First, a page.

MC voters pass road sales tax of 0.3 percent
From Staff and Wire Reports
Although voter turnout was low, Morgan City voters easily passed a 12-year, 0.3 cent sales tax that will be used to fund nearly $4 million in road improvements in the city.
While only 1,075 votes were cast in Morgan City (13.9 percent of the city’s 7,754 registered voters), 693 (64.47 percent) were cast in favor of the tax, while the other 382 (35.53 percent) were opposed to the measure.
“We’re very pleased with the vote of confidence the public gave us on the plan,” Matte said this morning. “We are excited to be able to implement it.”
The estimated cost for the work is about $3.96 million, according to an economic feasibility study the City Council commissioned Miller Engineers in Franklin to prepare.
Matte said the city anticipates being able to issue bonds as early as mid-February and have the money in hand at the same time.
In the meantime, the city will begin preparing bid specifications and should have those ready for bid advertisements in mid-February.
“Of course that’s going to be dependent on the type of projects (and) weather,” Matte said.
Matte said he expects to have work contracted or “significant” work under way in the first quarter of next year.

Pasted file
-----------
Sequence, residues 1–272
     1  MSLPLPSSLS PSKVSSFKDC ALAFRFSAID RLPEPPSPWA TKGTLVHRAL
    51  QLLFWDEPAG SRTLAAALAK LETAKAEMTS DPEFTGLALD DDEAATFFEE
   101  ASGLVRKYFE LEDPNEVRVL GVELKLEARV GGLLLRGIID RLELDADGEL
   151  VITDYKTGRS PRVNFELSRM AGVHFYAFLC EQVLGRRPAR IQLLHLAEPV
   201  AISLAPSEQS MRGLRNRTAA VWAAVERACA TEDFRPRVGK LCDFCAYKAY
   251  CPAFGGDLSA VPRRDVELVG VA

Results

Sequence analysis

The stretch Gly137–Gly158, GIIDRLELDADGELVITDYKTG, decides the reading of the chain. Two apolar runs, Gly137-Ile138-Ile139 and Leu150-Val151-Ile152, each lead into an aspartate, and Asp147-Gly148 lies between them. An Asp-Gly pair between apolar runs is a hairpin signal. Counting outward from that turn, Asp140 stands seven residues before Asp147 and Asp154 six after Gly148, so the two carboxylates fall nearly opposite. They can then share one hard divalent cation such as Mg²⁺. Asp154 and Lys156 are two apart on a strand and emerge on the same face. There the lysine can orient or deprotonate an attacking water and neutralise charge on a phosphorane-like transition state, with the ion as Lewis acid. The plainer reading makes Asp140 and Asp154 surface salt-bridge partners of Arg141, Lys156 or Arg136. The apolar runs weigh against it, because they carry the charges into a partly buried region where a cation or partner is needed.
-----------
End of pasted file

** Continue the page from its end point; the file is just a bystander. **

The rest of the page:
While all of the streets are of utmost priority, Matte said the ones that can be started the quickest will be the ones that will be undertaken first.
Among those that Matte said the city should be able to start first are the concrete jobs, which involve the repair work on Sixth Street, David Drive, Veterans Boulevard and Youngs Road.
For consumers, collections of the tax — limited to Morgan City — will be instituted Jan. 1.
According to city figures, a 0.3 percent tax equates to 3 cents of tax for every $10 spent in Morgan City and 30 cents in taxes per $100 spent here.
With a 0.3 percent collection, the city expects to generate 2012 collections of $816,000 in sales taxes as well as no more than $487,000 per year in debt service (at an interest rate of 4 percent) for the next 10 years. Using those figures, city officials have determined that they would have, on average, $413,900 per year to spend on roads. That figure includes the road royalty funding allotment the city receives from the parish.
In the other proposition local voters — like the rest of the state — soundly supported a constitutional ban on real estate transfer taxes, making Louisiana the fourth state in the nation with such a prohibition.
Locally, of the 3,638 people who cast votes in St. Mary, 3,339 voted in favor of prohibiting the new fees.
The voter turnout in St. Mary Parish was 10.9 percent of the 33,286 total voters.
In St. Martin, 5,546 of the 7,185 voted in favor of prohibiting the new fees, while 2,554 of the 3,311 voters in Assumption voted in favor of prohibiting the new fees.